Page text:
An average of eight babies born in Malta each year have Down's syndrome, also known as Trisomy 21, the most common chromosomal defect globally, Parliamentary Secretary for Health Chris Fearne said today.

Down's syndrome is a condition occurring in about one in 700 births. Over the last 20 years, 166 babies with Down's syndrome were registered with the Malta Congenital Anomalies Register.

On the occasion of World Down Syndrome Day tomorrow, Mr Fearne applauded the sterling work being done by the Adult Down Syndrome Clinic within the Birkirkara Health Centre. Run in conjunction with the Malta Down Syndrome Association the clinic attends to individuals, aged 16 years and over, afflicted by Down's syndrome.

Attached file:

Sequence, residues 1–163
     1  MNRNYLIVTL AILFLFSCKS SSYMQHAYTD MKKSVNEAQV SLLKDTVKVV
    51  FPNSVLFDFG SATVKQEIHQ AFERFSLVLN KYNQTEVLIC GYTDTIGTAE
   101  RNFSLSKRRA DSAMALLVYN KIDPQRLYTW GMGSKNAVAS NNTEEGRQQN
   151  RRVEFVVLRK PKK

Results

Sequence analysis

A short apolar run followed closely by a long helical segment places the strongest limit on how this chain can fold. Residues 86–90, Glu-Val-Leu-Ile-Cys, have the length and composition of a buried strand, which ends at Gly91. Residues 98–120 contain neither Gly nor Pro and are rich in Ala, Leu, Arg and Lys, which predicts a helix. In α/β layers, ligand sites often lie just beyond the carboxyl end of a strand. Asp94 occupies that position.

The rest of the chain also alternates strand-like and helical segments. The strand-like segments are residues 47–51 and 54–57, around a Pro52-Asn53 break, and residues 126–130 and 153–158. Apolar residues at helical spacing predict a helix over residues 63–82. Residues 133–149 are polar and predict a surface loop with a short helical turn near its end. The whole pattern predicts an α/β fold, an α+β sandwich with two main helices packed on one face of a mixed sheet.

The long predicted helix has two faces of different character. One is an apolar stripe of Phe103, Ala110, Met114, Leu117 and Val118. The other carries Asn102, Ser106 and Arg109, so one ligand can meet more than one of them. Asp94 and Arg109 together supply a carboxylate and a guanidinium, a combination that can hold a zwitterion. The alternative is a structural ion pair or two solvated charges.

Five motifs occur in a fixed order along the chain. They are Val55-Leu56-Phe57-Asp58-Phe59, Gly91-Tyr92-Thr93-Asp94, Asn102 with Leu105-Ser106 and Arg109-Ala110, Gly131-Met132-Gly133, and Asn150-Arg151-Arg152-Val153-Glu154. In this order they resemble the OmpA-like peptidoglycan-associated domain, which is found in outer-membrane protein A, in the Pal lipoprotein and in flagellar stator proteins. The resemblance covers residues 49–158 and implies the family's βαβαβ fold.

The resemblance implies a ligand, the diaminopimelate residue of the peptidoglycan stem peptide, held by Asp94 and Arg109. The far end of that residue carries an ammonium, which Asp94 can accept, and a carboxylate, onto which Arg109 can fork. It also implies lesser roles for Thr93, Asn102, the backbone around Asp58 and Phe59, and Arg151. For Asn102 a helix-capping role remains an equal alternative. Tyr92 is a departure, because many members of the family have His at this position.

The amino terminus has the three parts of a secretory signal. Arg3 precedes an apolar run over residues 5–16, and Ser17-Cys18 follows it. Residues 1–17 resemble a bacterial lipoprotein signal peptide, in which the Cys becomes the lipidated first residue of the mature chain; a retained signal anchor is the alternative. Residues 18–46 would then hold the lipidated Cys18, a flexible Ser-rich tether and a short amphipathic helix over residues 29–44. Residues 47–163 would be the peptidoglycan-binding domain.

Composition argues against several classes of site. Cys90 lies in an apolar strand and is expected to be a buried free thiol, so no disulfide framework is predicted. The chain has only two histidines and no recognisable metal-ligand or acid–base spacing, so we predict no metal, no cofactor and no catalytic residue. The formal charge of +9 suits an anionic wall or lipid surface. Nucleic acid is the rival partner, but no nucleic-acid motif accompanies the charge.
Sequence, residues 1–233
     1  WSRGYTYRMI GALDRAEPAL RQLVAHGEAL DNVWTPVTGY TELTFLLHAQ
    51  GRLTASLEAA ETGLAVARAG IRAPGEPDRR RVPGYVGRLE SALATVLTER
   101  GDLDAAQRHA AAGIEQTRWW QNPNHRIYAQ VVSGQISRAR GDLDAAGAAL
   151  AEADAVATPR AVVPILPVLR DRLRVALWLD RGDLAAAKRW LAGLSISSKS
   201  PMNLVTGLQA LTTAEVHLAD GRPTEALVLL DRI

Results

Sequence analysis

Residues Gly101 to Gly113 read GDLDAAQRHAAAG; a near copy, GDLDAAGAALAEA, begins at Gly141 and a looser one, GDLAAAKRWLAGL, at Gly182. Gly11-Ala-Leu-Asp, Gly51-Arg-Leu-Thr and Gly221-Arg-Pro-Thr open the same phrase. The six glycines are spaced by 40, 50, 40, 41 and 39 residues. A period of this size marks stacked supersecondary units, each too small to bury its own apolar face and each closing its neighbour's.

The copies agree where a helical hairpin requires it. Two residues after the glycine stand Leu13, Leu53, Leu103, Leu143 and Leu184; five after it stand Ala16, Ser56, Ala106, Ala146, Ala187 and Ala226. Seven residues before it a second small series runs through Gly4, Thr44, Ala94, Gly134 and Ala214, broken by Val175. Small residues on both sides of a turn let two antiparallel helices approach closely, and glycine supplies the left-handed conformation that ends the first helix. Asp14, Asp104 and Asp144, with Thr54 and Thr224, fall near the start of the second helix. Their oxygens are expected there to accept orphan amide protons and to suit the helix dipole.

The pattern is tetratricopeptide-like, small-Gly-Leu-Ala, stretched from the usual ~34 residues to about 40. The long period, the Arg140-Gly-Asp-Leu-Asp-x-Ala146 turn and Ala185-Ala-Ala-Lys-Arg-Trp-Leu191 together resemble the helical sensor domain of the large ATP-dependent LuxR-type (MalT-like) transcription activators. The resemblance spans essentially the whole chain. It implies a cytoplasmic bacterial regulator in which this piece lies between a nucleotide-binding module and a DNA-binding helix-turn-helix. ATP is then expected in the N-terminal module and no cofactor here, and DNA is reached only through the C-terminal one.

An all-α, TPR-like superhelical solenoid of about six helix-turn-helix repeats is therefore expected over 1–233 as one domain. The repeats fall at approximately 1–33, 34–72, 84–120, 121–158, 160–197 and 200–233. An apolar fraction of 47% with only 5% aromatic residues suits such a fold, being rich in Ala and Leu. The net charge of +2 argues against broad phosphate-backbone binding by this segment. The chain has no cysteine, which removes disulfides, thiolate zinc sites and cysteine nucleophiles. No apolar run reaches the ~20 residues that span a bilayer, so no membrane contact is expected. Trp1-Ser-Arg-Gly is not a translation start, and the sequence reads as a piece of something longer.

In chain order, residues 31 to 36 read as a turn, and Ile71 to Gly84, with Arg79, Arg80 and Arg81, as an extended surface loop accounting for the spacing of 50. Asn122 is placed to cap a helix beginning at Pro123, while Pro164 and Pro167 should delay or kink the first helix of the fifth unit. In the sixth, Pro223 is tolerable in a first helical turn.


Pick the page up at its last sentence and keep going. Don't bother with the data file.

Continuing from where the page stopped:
Running every Saturday morning, this clinic has close to 170 registered clients. Talks about self-care, friendship, dating and contraception, are held for the Down's syndrome adult community, their parents and guardians.

A main target of the clinic is to promote healthy lifestyles to persons with Down's syndrome and to nurture a holistic attitude towards health issues.

Persons with Trisomy 21 have an increased risk of certain health problems such as heart disease, hypothyroidism, hearing and visual impairment, diabetes, musculoskeletal conditions and epilepsy.

It is therefore recommended that regular health screening for persons with Down's syndrome is carried out to ensure that any ailment can be detected and treated as early as possible.


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